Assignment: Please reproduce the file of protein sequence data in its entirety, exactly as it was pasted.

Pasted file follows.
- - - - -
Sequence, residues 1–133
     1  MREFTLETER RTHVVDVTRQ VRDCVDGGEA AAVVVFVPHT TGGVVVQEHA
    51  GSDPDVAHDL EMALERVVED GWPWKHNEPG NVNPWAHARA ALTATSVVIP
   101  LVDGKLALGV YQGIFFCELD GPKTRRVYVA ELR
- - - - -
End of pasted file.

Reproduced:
Sequence, residues 1–133
     1  MREFTLETER RTHVVDVTRQ VRDCVDGGEA AAVVVFVPHT TGGVVVQEHA
    51  GSDPDVAHDL EMALERVVED GWPWKHNEPG NVNPWAHARA ALTATSVVIP
   101  LVDGKLALGV YQGIFFCELD GPKTRRVYVA ELR